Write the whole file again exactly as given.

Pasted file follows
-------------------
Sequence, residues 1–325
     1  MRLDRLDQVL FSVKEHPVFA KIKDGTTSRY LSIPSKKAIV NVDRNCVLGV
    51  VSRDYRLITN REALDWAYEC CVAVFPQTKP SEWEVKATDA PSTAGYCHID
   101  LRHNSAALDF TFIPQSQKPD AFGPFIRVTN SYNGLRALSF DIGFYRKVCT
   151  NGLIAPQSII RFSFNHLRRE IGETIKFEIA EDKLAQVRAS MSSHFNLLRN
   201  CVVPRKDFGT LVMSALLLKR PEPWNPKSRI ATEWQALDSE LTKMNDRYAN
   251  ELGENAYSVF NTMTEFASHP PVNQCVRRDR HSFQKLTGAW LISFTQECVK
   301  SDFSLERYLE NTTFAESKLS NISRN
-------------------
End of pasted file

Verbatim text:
Sequence, residues 1–325
     1  MRLDRLDQVL FSVKEHPVFA KIKDGTTSRY LSIPSKKAIV NVDRNCVLGV
    51  VSRDYRLITN REALDWAYEC CVAVFPQTKP SEWEVKATDA PSTAGYCHID
   101  LRHNSAALDF TFIPQSQKPD AFGPFIRVTN SYNGLRALSF DIGFYRKVCT
   151  NGLIAPQSII RFSFNHLRRE IGETIKFEIA EDKLAQVRAS MSSHFNLLRN
   201  CVVPRKDFGT LVMSALLLKR PEPWNPKSRI ATEWQALDSE LTKMNDRYAN
   251  ELGENAYSVF NTMTEFASHP PVNQCVRRDR HSFQKLTGAW LISFTQECVK
   301  SDFSLERYLE NTTFAESKLS NISRN